1. Higher Cost

The primary drawback of synthetic oil is its higher cost compared to mineral oil. However, the longer intervals between oil changes and enhanced performance can offset this initial expense over time.

2. Compatibility Concerns

In some cases, synthetic oil may not be compatible with older compressors or certain seal materials. It is essential to check the manufacturer’s recommendations before switching to synthetic oil.

Usage Recommendations

Synthetic oil is ideal for heavy-duty industrial air compressors used in demanding industrial applications, such as manufacturing plants, automotive workshops, and continuous operation environments.

It is particularly beneficial where compressors are subject to high temperatures, heavy loads, or require extended running times.

What is Air Compressor Oil Number?

The air compressor oil number usually represents the oil viscosity grade.

One of the critical aspects of air compressor oil is its viscosity grade, which ensures that the oil performs well under operating conditions.

What is the Meaning of Oil Viscosity Grade?

Oil viscosity grade is a measure of an oil’s resistance to flow at a specific temperature. The term “ISO VG” stands for International Standards Organization Viscosity Grade, which is a standard for categorizing industrial oils based on their viscosity at 40°C, measured in centistokes (cSt).

Understanding Viscosity


This refers to the thickness of the oil or its resistance to flow. Higher viscosity means thicker oil, while lower viscosity means thinner oil.

ISO VG Classification

Oils are classified into grades such as ISO VG 32, ISO VG 46, and ISO VG 68, among others. The number indicates the viscosity at 40°C.

For instance, ISO VG 46 oil has a viscosity of 46 cSt at 40°C.

Importance of Viscosity Grade

Lubrication Efficiency

The correct viscosity ensures proper lubrication of moving parts. If the oil is too thin (low viscosity), it may not provide adequate film strength, leading to increased wear.

Conversely, if the oil is too thick (high viscosity), it may not flow easily, causing inadequate lubrication and increased energy consumption.

Temperature Adaptability

Oils with the appropriate viscosity grade maintain their performance across the expected temperature range of the air compressor. This adaptability is crucial for preventing overheating and ensuring smooth operation.

What Grade of Lubricating Oil Recommended for Screw Air Compressors?

Screw air compressors require specific lubrication to handle their high operational demands. The most commonly recommended grade for these compressors is ISO VG 46.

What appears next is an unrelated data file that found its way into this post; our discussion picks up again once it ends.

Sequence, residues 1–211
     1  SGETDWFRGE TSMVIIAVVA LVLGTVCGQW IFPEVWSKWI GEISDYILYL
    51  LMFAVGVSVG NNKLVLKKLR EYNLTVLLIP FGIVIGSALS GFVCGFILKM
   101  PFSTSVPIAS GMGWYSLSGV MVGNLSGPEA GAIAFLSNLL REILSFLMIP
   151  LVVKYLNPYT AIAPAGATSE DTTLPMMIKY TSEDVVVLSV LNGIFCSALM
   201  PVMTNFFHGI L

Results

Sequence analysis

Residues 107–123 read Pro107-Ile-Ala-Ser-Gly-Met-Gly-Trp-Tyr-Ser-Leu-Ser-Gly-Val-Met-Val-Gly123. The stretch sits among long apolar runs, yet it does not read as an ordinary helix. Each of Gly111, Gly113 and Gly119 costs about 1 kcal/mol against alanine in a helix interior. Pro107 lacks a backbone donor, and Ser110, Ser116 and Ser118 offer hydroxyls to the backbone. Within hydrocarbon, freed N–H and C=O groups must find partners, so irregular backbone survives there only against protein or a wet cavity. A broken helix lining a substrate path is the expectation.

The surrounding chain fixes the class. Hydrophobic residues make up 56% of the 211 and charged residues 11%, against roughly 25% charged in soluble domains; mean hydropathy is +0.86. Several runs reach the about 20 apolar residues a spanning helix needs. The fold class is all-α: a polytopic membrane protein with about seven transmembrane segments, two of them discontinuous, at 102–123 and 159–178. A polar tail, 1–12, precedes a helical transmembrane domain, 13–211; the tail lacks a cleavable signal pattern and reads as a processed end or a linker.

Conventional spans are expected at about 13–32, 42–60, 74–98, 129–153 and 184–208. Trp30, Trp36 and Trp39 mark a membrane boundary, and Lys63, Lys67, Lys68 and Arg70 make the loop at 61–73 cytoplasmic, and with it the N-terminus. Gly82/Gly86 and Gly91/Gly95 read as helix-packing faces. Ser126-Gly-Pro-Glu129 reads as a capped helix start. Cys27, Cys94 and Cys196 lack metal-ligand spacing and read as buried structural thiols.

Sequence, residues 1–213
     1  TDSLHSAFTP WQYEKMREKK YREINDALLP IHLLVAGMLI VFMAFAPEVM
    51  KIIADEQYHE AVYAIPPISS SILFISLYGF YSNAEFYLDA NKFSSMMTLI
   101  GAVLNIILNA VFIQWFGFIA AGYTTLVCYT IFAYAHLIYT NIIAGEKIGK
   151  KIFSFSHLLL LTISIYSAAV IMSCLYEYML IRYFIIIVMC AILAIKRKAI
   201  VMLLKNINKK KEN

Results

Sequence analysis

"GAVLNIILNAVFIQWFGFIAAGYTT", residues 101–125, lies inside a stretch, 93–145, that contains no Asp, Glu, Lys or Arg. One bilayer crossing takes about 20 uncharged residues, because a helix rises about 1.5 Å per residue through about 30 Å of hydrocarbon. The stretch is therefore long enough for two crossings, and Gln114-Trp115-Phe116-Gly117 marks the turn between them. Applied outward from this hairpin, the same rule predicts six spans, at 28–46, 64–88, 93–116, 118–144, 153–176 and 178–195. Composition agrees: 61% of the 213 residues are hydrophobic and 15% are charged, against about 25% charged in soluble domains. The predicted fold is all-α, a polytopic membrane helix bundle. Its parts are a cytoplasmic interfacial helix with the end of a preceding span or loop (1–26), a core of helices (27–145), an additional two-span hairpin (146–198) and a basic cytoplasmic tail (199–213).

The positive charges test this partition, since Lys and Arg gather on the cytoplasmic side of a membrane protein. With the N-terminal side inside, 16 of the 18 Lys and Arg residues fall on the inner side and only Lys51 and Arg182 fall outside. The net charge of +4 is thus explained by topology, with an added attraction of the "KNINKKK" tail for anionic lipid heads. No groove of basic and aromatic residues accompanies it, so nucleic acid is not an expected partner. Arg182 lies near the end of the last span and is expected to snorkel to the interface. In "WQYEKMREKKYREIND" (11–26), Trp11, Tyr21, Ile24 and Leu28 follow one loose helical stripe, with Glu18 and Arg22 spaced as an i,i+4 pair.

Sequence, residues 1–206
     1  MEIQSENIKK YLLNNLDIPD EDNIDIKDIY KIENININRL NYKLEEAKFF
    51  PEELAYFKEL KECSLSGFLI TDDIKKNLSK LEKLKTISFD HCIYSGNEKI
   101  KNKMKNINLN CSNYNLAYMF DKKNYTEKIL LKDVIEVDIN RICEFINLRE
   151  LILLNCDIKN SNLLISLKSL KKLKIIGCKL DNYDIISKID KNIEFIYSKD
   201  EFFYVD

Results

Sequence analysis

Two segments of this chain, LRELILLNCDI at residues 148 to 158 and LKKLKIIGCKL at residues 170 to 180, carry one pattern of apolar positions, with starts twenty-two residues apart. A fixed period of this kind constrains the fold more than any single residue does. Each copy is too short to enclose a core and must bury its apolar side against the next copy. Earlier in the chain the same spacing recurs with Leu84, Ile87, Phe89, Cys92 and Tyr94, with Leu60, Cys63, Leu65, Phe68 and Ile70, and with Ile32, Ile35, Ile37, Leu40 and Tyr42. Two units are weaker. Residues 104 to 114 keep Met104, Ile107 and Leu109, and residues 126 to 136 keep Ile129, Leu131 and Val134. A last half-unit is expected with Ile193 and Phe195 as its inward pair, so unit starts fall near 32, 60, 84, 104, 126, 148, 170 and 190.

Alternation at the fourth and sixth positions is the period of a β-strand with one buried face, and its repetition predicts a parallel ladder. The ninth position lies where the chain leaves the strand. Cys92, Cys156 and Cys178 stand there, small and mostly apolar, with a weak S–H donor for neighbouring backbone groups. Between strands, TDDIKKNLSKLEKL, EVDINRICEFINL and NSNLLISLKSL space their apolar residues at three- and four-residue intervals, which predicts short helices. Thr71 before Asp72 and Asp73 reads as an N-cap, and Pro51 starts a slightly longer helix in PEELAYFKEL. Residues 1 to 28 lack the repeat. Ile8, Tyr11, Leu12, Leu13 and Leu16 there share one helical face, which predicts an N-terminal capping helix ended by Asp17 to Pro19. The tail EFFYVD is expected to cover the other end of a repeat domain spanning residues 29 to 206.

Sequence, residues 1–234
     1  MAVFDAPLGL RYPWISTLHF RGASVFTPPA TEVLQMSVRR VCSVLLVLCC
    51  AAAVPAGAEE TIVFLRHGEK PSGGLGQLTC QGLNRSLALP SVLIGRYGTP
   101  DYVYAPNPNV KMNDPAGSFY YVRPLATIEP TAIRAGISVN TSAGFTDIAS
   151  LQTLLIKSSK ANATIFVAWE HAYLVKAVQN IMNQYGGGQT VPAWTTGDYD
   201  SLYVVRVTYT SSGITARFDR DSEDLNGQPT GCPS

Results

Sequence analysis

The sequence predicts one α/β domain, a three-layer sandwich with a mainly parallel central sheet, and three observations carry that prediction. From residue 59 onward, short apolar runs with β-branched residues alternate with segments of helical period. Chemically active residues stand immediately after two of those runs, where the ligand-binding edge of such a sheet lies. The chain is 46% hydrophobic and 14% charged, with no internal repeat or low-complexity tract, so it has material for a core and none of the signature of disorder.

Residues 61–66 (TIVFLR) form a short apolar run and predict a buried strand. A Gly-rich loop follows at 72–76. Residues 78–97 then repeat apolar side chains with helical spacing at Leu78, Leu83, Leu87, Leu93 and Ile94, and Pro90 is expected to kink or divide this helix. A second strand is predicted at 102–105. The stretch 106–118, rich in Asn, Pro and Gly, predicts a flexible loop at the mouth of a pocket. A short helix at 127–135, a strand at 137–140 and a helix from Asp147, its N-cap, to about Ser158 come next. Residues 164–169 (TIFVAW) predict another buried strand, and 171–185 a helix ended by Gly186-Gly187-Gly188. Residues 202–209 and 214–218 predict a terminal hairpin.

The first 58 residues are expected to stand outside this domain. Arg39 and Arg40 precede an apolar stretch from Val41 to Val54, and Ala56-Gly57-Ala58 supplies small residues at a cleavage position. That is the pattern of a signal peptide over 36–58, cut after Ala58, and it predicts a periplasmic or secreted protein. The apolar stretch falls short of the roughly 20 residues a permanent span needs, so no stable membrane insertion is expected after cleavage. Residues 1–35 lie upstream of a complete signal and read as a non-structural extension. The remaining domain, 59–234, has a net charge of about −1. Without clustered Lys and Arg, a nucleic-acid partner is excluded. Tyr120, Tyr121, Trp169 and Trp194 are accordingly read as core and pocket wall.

Why ISO VG 46?

Optimal Balance

ISO VG 46 offers an optimal balance between fluidity and film strength, providing effective lubrication under the typical operating conditions of screw air compressors.

Temperature Stability

This grade performs well across a range of temperatures, ensuring that the oil remains effective in both moderate and high-temperature environments.

Manufacturer Standard

Most manufacturers recommend and use ISO VG 46 oil for screw air compressors when they leave the factory. This standardization helps ensure the compressors operate efficiently and have a longer service life.

Benefits of Using the Recommended Oil Grade

Reduced Wear and Tear

Proper lubrication reduces friction between moving parts, minimizing wear and tear and extending the compressor’s lifespan.

Improved Efficiency

Using the correct oil grade ensures that the compressor runs smoothly, reducing energy consumption and improving overall efficiency.

Lower Maintenance Costs

Adequate lubrication prevents common issues such as overheating and component failure, to reduce the need for frequent repairs and maintenance.


What is the Best Oil for Rotary Screw Compressor?

Choosing the right oil for rotary screw compressor is crucial for maintaining its performance, efficiency, and longevity. The type of oil used can significantly impact the operation and maintenance requirements of the compressor.

Air Compressor Oil Type Chart

Type of Lubricant Description Recommended Usage
Mineral Oil Derived from refining crude oil. Cost-effective and provides adequate lubrication for standard applications. Suitable for light to moderate duty air compressors in workshops, small manufacturing units. Requires frequent oil changes.
Synthetic Oil Chemically engineered for superior performance. Longer lifespan, better temperature stability, and fewer deposits. Ideal for heavy-duty air compressors in demanding industrial applications. Reduces maintenance costs and extends equipment lifespan.
ISO VG 46 Lubricating Oil Viscosity grade at 40°C with 46 centistokes. Offers optimal balance of fluidity and film strength. Recommended for screw air compressors. Ensures efficient operation and longer service life, standard for many manufacturers.